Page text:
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Improving Health in the Community: A Role for Performance Monitoring
second leading cause for young white men aged 15–24. Violence leads to many injuries as well as deaths, some of which require health care in hospital emergency rooms and other settings. In 1992, about 1 per 10,000 Americans suffered assault injuries (USDHHS, 1995).
The costs of violence are high—estimated at $54,000 per attempted or completed rape, $19,200 per robbery, and $16,000 per assault. A portion of these costs are financial, but the majority reflect pain, suffering, the risk of death, psychological damage, and reduced quality of life (NRC, 1993). Although violence affects all segments of American society, minorities are substantially more likely to be victims of violent crime. In 1990, for instance, African Americans were 41 percent and Hispanics 32 percent more likely than whites to be victims of violent crime (NRC, 1993).
Violent actions including rape, domestic violence, drive-by shootings, and terrorist attacks are highlighted daily in all forms of media. The issues of violence in our society are also highlighted in the content of television fiction and nonfiction programming. It is estimated that by age 18, children will have been exposed to 18,000 televised murders and 800 suicides; most will have seen 100,000 acts of violence on television by the sixth grade (Canterwall, 1992).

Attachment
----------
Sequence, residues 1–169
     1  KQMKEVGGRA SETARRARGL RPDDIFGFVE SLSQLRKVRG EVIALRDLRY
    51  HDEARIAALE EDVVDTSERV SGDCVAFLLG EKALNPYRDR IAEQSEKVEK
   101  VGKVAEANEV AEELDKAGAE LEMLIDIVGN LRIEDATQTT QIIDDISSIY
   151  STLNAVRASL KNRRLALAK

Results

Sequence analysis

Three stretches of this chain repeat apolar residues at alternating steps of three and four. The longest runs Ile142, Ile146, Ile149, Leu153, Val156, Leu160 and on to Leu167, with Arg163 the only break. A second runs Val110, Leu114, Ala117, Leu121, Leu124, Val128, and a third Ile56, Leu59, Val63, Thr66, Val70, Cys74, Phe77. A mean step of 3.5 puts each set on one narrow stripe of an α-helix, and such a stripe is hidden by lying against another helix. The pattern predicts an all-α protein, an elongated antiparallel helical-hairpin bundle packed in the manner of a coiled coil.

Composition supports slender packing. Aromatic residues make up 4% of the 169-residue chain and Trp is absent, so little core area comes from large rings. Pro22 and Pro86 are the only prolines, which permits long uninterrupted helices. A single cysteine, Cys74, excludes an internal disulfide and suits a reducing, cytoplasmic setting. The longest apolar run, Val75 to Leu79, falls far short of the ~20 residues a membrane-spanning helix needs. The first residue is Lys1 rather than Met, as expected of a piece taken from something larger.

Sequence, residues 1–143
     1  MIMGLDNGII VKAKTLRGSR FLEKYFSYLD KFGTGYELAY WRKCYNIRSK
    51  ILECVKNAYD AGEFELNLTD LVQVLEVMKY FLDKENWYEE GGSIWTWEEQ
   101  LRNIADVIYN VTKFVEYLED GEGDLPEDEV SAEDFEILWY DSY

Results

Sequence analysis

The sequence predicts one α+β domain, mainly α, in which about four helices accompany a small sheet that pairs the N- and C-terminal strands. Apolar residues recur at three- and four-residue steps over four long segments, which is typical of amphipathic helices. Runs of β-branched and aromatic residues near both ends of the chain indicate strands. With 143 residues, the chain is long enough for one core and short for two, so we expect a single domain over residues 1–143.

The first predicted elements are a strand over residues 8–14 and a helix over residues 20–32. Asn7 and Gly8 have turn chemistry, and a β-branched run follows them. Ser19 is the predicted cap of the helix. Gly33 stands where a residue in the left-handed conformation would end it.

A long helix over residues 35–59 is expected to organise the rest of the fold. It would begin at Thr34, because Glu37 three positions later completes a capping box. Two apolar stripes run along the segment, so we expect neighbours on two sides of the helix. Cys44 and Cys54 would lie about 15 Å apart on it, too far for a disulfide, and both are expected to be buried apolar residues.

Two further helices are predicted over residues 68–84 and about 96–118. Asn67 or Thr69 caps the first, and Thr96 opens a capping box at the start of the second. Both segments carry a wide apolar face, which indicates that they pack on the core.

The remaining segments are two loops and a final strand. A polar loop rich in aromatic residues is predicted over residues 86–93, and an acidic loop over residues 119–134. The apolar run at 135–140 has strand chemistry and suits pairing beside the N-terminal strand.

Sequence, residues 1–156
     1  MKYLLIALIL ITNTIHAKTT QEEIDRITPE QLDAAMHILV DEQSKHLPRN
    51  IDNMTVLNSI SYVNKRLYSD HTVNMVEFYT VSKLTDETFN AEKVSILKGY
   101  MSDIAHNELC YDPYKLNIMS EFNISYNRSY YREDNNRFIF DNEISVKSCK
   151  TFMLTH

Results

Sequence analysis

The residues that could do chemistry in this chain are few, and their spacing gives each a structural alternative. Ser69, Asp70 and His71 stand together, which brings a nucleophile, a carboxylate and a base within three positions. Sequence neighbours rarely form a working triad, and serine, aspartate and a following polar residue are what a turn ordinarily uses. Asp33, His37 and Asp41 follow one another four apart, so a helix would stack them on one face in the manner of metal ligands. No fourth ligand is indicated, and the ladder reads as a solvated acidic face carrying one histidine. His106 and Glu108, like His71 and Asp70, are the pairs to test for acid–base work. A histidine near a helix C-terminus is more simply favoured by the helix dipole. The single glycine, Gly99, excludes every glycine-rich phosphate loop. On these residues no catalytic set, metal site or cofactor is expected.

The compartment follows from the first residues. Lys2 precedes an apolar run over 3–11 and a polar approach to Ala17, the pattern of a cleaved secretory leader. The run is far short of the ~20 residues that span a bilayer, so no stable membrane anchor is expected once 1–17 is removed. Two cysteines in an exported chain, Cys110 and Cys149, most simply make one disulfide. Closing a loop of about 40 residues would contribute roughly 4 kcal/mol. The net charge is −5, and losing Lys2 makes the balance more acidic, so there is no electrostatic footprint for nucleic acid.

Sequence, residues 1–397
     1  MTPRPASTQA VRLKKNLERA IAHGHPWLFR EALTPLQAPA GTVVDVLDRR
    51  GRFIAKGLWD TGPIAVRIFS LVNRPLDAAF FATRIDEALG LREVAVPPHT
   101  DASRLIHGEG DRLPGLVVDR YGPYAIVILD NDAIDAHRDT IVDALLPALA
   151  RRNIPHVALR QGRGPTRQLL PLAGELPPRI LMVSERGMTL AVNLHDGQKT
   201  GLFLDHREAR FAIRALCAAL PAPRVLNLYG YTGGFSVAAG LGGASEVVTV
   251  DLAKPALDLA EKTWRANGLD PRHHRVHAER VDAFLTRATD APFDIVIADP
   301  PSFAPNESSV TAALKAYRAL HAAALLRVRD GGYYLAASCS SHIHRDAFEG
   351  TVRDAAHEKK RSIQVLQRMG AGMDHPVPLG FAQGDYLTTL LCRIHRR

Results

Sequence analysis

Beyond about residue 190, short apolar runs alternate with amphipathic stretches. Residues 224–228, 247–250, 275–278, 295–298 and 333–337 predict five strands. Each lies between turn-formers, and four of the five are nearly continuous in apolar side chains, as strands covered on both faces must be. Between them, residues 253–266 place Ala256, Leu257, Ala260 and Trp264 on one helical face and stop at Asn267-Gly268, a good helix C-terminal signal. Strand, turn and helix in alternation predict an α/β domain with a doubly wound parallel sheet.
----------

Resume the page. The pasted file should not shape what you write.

Substance use and psychosocial, family-mediated factors are major risk factors for violent behavior. Social factors associated with violence include concentration of poor families in geographic areas, income inequality, population turnover, community transition, family disruption, housing density and other aspects of social disruption, and opportunities for violence such as illegal markets in drugs and firearms (NRC, 1993). Dysfunctional family life (e.g., absent or divorced parents, turmoil and fighting between family members) is an early predictor of violence, especially for youth. Witnessing violence in the home and community is harmful to children and youth exposed to the violent event, even if they are not victims of the violence. Thus, as more violence occurs in homes, in neighborhoods, and in the media, greater percentages of the population are at risk to experience violence.
Criminal justice, health care, education, social services, and other community institutions can address the effects of violence and help prevent it. Strategies range from passing and enforcing strong gun control laws, to more punitive sentencing guidelines and building more jails, to community education and outreach programs aimed at violence prevention. Others focus on address-